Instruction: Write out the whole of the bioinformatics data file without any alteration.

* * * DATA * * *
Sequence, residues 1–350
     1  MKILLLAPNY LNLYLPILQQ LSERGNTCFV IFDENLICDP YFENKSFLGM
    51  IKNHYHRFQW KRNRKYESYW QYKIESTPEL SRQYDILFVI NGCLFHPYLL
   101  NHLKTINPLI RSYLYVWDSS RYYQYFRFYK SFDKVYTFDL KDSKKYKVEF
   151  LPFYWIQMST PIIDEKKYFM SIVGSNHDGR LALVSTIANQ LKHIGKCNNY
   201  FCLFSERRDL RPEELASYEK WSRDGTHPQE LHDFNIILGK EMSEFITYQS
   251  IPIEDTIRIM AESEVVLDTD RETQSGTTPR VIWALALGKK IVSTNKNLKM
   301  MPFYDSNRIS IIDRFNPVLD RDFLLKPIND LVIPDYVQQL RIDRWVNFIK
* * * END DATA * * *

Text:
Sequence, residues 1–350
     1  MKILLLAPNY LNLYLPILQQ LSERGNTCFV IFDENLICDP YFENKSFLGM
    51  IKNHYHRFQW KRNRKYESYW QYKIESTPEL SRQYDILFVI NGCLFHPYLL
   101  NHLKTINPLI RSYLYVWDSS RYYQYFRFYK SFDKVYTFDL KDSKKYKVEF
   151  LPFYWIQMST PIIDEKKYFM SIVGSNHDGR LALVSTIANQ LKHIGKCNNY
   201  FCLFSERRDL RPEELASYEK WSRDGTHPQE LHDFNIILGK EMSEFITYQS
   251  IPIEDTIRIM AESEVVLDTD RETQSGTTPR VIWALALGKK IVSTNKNLKM
   301  MPFYDSNRIS IIDRFNPVLD RDFLLKPIND LVIPDYVQQL RIDRWVNFIK